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Two-headed animals are said to exhibit "Polycephaly" This is typically cause not by genetic factors but as an extreme version of conjoined twins. That is a single fertilised egg divides in the uterous but does not completely separate into identical twin, and instead duplicates only some body parts. A two-faced animal with a single head can also be produced by diprosopus which caused a duplication of facial features. Most animals with these conditions have short lives but others can mature and live normal life spans.
In 2009 the Noosa River in Australia was the site of a mass die off of bass spawn, many of whom were found to have developed two heads. It was speculated that the cause might be organo-phospate pesticides used on a nearby Macadamia farm. This was one of many incidents of illness and death amongst animals in an around the river, but definitive proof of the cause was never found.
There seem to be a particularly large number of examples of two-faced or two-headed calves.
In 1950 a two-headed calf was born and lived for 5 days. Its stuffed remains are in display in the Idaho History Museum.
In 2009 a two-headed calf was born in Belgium.
In 2007 "Blinky" (pictured right) was born in a dairy farm in the United States and had to be euthanized after its lungs function became impaired. This video from Associated Press suggests the calf was not very vigorous or healthy even prior to suffering the collapsed lung.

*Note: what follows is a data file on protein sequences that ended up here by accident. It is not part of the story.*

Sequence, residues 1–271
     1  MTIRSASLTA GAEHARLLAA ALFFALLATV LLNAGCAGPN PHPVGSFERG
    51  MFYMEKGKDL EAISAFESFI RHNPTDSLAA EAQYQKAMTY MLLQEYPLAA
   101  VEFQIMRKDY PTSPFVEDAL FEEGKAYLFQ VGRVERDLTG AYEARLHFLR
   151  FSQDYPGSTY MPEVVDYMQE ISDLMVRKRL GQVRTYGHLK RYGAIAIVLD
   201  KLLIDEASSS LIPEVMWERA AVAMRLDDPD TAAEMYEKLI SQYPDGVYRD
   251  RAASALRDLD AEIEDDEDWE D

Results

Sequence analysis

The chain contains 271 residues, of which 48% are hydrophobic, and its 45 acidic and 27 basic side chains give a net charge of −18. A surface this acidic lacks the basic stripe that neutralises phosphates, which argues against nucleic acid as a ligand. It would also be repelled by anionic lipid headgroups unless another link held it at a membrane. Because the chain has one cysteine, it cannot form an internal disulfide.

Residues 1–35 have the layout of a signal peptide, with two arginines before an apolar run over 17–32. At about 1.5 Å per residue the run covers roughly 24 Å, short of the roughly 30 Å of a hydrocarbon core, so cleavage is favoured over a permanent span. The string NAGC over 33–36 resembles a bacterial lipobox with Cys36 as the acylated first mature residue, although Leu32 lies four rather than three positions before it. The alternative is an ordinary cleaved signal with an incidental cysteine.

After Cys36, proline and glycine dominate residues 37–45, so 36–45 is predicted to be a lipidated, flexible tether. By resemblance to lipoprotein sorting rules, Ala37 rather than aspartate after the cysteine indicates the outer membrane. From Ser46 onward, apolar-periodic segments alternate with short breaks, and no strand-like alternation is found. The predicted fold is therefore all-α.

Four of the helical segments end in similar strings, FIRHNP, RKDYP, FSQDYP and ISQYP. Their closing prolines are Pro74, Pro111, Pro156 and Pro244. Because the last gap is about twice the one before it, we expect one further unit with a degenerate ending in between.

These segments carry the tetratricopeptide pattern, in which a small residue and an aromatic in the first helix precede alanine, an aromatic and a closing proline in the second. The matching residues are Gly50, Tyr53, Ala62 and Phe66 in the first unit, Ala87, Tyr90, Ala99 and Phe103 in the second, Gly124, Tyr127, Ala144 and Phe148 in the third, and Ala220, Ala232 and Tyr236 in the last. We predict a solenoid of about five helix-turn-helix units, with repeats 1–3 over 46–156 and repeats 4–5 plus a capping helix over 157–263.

There are fewer examples of adult cows with similar conditions. Although the Whte Coty Amusement park did once have one as an exhibit (date unknown).
Full-grown cattle with this condition are much more rare. This example is provided with no details about place or time. It may have helped that one of the head was clearly dominant and continued to grow when the other did not.
This lamb is reported to have been born in China in 2007.
- A preserved specimen of a two-headed lamb can be seen at the Daughters of the Utah Pioneers Museum.
- Shoshone Bird Museum of Natural History and Mammoth Cave
- A two-headed fetal shark, discovered in 2013.
Viable two-headed adults occur more often in reptiles than mammals.In snakes they are estimated to occur in 1/20,000 eggs. Several hundred cases have been documented and two-headed snakes have been successfully kept as pets for extended periods.
Examples: Kingsnake (2007)
In a very disturbing series of experiments Vladimir Demikhov's grafted the head of one dog onto the body or another and maitained life in both for as long as several months (1954).
Many taxidermy examples of two-headed animals have been artificially created.
[Hoax] Bill Durks (1913-1975) actually suffered from frontonasal dysplasia, where the two side of the face don't come together. But he posed as a man with two faces by the use of a fake third eye placed in the central position.
Wallach, Van. "Two-headed Snakes Make High Maintenance Pets." Chicago Herpetological Society 47, no. 11 (2012): 137-139.